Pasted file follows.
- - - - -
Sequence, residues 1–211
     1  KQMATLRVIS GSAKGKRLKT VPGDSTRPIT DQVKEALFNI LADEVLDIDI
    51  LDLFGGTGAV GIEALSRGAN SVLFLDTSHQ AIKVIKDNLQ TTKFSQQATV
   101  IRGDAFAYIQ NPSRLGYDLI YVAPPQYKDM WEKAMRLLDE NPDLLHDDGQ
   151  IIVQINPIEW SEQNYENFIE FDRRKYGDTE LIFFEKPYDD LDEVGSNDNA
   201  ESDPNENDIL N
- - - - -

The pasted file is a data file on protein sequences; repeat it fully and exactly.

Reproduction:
Sequence, residues 1–211
     1  KQMATLRVIS GSAKGKRLKT VPGDSTRPIT DQVKEALFNI LADEVLDIDI
    51  LDLFGGTGAV GIEALSRGAN SVLFLDTSHQ AIKVIKDNLQ TTKFSQQATV
   101  IRGDAFAYIQ NPSRLGYDLI YVAPPQYKDM WEKAMRLLDE NPDLLHDDGQ
   151  IIVQINPIEW SEQNYENFIE FDRRKYGDTE LIFFEKPYDD LDEVGSNDNA
   201  ESDPNENDIL N